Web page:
Accuracy in Media

Would the reputable, unbiased news reporting organization, The Associated Press, ever resort to making a story out of inconsequential pop-culture Michele Bachmann gaffes? Certainly, and of course as they did recently in this article about Bachmann mixing up the day Elvis died (Aug. 16th) with the day he was born (Jan. 8th). While it may be funny, is this the kind of story AP should run, given its influential role as a news agency? Perhaps there are outlets for stories such as these in Comedy Central but when something like this is run as a legitimate newsworthy article, one, at least, has to guess at ulterior motives, especially when compared to similar reporting of gaffes made by Obama.

They also ran a lengthy article on her “bomblets” which included the John Wayne and John Wayne Gacy mix up. In that same article, they delve into “Fact Checks” on her statements concerning Obama and his policies, which is perfectly appropriate; however, their angle is quite striking when compared to Obama “bomblets.”

Notice the AP’s stance from these quotes about Bachmann flubs:

“Those were among the latest examples of how the Minnesota congresswoman has become one to watch — for inaccuracies as well as rising support — in the Republican presidential race.”

“…her misrepresentations of the health care law, misfires on other aspects of President Barack Obama’s record and historical inaccuracies have saddled her with a reputation for uttering populist jibes that don’t hold up.”

“The more the political season heats up, the more that exaggerations and sound-bite oversimplifications emanate from the Republicans going after Obama — and from the Democrats playing defense. Still, Bachmann’s record on this score is distinct.”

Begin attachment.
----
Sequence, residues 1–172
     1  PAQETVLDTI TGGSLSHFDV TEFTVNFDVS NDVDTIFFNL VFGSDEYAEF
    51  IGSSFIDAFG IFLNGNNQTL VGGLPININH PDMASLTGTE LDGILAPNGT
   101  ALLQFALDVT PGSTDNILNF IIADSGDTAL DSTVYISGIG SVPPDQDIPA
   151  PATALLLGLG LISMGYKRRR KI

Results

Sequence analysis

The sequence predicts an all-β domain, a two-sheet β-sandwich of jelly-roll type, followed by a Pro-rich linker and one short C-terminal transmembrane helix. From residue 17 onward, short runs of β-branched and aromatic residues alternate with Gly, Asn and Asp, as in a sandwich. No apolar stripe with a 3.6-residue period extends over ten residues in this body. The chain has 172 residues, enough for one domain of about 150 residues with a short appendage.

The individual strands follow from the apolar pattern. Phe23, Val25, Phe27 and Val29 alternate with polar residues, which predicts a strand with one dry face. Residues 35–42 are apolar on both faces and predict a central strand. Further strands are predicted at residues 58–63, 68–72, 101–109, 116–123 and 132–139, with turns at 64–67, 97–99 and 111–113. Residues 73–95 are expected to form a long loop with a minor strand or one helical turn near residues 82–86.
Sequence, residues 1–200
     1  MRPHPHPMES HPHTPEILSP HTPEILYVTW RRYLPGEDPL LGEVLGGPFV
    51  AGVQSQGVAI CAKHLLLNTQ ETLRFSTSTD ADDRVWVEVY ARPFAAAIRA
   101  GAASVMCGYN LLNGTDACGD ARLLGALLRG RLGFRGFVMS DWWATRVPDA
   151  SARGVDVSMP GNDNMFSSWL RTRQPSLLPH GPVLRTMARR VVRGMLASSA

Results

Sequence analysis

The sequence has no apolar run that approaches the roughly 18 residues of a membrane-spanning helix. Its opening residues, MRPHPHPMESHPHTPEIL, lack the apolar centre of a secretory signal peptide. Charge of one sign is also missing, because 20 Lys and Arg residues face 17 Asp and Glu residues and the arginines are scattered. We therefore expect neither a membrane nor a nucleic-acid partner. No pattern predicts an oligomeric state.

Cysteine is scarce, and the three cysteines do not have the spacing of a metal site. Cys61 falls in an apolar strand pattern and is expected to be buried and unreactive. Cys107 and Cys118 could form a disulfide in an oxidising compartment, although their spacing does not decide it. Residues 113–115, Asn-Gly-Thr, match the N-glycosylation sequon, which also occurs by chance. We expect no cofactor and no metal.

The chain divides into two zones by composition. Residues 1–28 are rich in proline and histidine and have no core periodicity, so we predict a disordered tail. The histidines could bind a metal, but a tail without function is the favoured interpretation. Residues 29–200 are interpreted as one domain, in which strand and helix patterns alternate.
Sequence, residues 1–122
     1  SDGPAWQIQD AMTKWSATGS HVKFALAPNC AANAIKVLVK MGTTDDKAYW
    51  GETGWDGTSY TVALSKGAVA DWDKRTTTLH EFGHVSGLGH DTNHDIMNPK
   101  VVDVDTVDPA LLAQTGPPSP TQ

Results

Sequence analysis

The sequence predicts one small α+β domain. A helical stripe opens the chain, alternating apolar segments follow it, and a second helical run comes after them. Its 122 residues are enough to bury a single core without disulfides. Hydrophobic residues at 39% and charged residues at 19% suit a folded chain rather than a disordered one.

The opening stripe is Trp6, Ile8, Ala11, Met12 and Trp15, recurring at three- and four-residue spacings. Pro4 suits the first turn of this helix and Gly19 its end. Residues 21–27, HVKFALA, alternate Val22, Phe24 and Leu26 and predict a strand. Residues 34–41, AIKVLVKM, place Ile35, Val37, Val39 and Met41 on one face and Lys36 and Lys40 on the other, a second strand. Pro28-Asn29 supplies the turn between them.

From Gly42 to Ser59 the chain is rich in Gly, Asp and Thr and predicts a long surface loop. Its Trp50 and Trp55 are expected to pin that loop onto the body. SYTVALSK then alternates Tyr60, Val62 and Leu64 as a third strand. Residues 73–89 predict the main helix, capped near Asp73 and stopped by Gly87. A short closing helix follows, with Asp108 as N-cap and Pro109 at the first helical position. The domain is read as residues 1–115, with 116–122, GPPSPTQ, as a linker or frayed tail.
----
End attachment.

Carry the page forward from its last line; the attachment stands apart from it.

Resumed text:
Now notice the AP’s stance when covering misstatements from Obama:

“The White House is confirming that President Barack Obama misspoke about a Medal of Honor winner coming home alive during comments at Fort Drum in upstate New York.”

“Obama spokesman Josh Earnest says the president misspoke. He noted that Obama paid tribute to Monti in remarks to troops in Afghanistan in March 2010. But Salvatore Giunta was the first living recipient of the medal among veterans of the Iraq and Afghanistan wars.”

Sounds like pretty straightforward reporting, something Bachmann does not receive from the AP when she misspeaks.

Where was the AP when Obama made a very embarrassing gaffe during the 2008 campaign when he said, “I’ve now been in 57 states—I think one left to go?”

How about when Obama flubbed the date when he signed the Westminster Abbey guest book with the year 2008 instead of 2011? The AP photo’s caption doesn’t go to any length in cleverly creating any jibes at the President when they plainly state:

“A message from US President Barack Obama and his wife, first lady Michelle Obama, apparently signed by the President with the wrong date of 2008 in the distinguished visitors’ book during a tour of Westminster Abbey, in central London, as part of his state visit to the United Kingdom, Tuesday May 24, 2011. (AP Photo/John Stillwell, Pool).”

To be fair, the AP did do a similar “Fact Check” on Obama but it only concerned his actions in Libya which didn’t sit well across the political spectrum.

At least if the AP is going to be boring covering Obama gaffes, they should also be boring covering others. And if boring does not suit them, then enjoy the freedom in making fun of everyone.




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